Seventh Benefit: Language Arts Done Right

Language Arts done right – Charlotte Mason just got it. She knew how to teach children to THINK about what they read, and then to put into WORDs what they learned personally. No one right answer. That is a toughie when first getting to know Charlotte Mason. We do all long for that one right answer, that elusive answer key that we can gaze at and say, “Yes. Correct.” And there is a place for that. Just not in response to living books. The way Heart of Dakota teaches language arts using Charlotte Mason ideals – they keep our children LOVING books.

At one point in my life, I did not want to read even just one more book. Ironically, I was at the point in my life where I had 4.0 GPA in college. I was graduating at the height of my education in my masters, and all I could think was, “Please don’t make me read another book.” Tests. Quizzes. Papers. Essays. Never any heart in any of it. Never the chance to really say what I thought or get passionate about what I was reading. Just figuring out what my professor wanted me to say or how he/she wanted me to respond to receive the proverbial “A.”

Were it not for HOD, I myself might not have become interested in reading again. My son always has his head in a book. Always. He LOVES to read, and even out of school, the books he loves all get orally narrated to me or anyone who will listen. And he’s not a big talker normally either. HOD just makes a kid love books.

In Closing

I know there are more reasons, but these are the big ones. It all boils down to me feeling like there is no way Wyatt would ever get this kind of ‘education’ anywhere else. I care about the mind, but I also care so very much about the heart, and the soul of my son. And I think this is going to be probably the best thing I’ve done with my life. My greatest contribution on this earth will probably be the ones I leave behind, and that is going to be due in part, to the way I am blessed to be homeschooling them. I’m glad you asked this. It made me think, and when I am weary or discouraged, I will return to this post time and time again. May you find your peace and inspiration moving forward to high school with your own sons and daughters.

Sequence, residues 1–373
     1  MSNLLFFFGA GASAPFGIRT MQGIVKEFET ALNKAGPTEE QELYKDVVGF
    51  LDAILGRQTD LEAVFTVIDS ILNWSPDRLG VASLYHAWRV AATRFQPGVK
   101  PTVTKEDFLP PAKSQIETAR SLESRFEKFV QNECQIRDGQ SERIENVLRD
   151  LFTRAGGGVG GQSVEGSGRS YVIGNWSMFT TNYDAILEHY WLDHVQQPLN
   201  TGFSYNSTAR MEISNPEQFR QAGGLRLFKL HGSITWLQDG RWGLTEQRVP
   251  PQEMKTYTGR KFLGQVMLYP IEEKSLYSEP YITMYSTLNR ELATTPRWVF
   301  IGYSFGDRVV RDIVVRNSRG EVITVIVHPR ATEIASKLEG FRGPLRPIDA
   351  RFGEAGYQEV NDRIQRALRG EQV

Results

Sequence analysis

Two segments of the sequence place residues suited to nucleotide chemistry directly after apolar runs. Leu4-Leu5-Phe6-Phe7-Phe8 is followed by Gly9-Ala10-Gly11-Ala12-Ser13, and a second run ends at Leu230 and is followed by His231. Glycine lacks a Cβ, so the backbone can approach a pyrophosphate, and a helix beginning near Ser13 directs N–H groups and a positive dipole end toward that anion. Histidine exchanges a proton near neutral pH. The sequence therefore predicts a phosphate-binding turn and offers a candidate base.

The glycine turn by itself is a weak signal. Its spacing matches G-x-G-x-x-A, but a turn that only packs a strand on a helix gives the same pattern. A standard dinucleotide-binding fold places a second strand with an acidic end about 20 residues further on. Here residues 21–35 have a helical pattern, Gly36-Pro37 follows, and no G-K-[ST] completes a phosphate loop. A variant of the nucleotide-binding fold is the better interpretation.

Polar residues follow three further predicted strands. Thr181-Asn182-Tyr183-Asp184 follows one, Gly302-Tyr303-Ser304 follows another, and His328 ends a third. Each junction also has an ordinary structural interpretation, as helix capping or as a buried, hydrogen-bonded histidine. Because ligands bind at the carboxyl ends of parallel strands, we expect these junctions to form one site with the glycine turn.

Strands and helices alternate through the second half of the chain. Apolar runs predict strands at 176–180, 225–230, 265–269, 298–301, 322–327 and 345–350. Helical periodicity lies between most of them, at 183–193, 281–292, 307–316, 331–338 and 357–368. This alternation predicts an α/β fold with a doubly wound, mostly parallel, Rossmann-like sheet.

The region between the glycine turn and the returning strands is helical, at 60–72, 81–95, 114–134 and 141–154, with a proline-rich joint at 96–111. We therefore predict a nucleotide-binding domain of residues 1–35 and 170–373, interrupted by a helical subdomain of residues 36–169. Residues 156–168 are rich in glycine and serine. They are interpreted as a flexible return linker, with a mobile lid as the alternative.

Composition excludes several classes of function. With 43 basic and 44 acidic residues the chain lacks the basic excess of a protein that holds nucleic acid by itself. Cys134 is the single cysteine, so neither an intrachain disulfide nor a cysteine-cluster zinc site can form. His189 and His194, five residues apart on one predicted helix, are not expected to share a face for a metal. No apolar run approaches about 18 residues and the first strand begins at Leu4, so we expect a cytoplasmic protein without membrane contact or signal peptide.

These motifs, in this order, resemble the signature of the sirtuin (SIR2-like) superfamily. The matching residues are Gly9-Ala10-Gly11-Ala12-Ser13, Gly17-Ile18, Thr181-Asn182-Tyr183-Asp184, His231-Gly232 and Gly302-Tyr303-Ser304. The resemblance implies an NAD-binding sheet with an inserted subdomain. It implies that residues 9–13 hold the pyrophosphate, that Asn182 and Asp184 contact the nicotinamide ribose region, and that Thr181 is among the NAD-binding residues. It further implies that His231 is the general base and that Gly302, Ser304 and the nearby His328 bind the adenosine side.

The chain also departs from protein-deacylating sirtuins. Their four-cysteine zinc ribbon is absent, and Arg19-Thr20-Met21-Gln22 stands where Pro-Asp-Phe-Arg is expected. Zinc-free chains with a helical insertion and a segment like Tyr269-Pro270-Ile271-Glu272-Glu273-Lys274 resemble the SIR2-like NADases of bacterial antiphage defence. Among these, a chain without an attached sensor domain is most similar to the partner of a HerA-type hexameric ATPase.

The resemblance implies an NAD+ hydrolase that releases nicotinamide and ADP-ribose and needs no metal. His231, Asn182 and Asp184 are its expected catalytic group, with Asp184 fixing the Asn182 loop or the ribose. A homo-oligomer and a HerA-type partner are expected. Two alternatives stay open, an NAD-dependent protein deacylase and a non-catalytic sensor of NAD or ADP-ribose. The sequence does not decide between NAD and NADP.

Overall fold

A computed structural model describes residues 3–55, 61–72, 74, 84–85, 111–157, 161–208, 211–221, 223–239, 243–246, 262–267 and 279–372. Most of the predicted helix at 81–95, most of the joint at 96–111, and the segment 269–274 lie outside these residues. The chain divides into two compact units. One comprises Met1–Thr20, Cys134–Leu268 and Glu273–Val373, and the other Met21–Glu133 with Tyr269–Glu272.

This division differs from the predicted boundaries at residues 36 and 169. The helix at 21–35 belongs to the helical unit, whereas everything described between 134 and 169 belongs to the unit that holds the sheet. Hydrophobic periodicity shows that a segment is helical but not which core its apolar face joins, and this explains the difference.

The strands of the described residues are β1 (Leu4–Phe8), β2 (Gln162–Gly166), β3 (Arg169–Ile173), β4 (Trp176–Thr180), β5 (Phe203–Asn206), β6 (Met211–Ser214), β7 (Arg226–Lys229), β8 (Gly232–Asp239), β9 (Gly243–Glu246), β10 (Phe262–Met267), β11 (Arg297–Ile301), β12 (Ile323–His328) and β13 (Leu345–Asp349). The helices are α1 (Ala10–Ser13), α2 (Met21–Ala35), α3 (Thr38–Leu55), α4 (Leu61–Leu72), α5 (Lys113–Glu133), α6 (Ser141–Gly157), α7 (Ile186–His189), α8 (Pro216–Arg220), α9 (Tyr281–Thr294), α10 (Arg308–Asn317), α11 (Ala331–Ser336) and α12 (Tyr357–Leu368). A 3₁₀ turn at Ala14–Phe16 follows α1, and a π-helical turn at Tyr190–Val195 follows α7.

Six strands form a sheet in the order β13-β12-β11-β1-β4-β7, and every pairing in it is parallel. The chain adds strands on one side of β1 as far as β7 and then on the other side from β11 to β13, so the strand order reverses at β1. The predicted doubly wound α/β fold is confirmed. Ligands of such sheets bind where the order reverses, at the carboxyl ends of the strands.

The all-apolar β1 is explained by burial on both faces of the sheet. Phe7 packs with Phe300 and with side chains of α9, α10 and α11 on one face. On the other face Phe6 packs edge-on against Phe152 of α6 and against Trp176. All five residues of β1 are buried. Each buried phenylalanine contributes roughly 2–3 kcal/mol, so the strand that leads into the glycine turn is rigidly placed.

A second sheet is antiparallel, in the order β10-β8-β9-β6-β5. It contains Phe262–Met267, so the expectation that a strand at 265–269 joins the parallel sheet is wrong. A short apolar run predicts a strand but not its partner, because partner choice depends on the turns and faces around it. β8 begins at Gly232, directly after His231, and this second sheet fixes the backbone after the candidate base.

In Christ,

Julie

March Library Builder: Save 10% on the Drawn into the Heart Level 6/7 Book Pack!

Library Builder

Use coupon code MARCH-LIBRARY for 10% off the Level 6/7 Book Pack for Drawn into the Heart of Reading!

We are excited to continue our Heart of Dakota Library Builder book set promotion! On the 1st Wednesday of each month we will be promoting one of our book sets with a 10% coupon code. For this month’s special, use coupon code MARCH-LIBRARY on our website for the entire month of March to save 10% on the Drawn into the Heart of Reading Level 6/7 book pack. To view all of the books in this set, just click here!

How is the Level 6/7 Book Pack used in Drawn into the Heart of Reading?

(From the package description in our online store):

This optional book pack is for use with Level 6/7/8 of Drawn into the Heart of Reading. In this level, your child will read the chosen books mainly independently for a total of 15 days for each genre. Each book on the list below has an approximate reading level noting the grade and month next to it. Use this information to choose the set that best suits your child’s reading level. Another option for this reading level, beside the one shown below, would be to use the Girl Interest or Boy Interest set from Creation to Christ. While these sets are meant to read-alouds, since they contain one or more books from each of the nine genres, they will also work with Drawn into the Heart of Reading. NOTE: This option will only work if you do not plan to use these book sets as read-alouds when using Creation to Christ.

If these books seem too difficult, we also have book packs for Levels 5/6 Girl Interest and Level 5/6 Boy Interest. If these books seem too easy, you may choose your own books, or off our Sample Book Ideas List. Please keep in mind, these specific titles are not needed, but each book was very carefully chosen as an excellent reading selection for the noted reading level.

Our book sets were created to save you time and to help you find quality books at the right reading level. This is one of the keys to a successful reading experience for your child. You are welcome to use your own book selections if you prefer. Drawn into the Heart of Reading truly works with any books you choose.

Use coupon code MARCH-LIBRARY to save!

To apply this month’s savings, just enter coupon code MARCH-LIBRARY on our website when you check out! We hope these books will be as treasured to you as they are to us!

Have a great rest of the week!
Heart of Dakota

PS: If you’d like a more in-depth look at what using Drawn into the Heart of Reading looks like in your home, have a look at this article!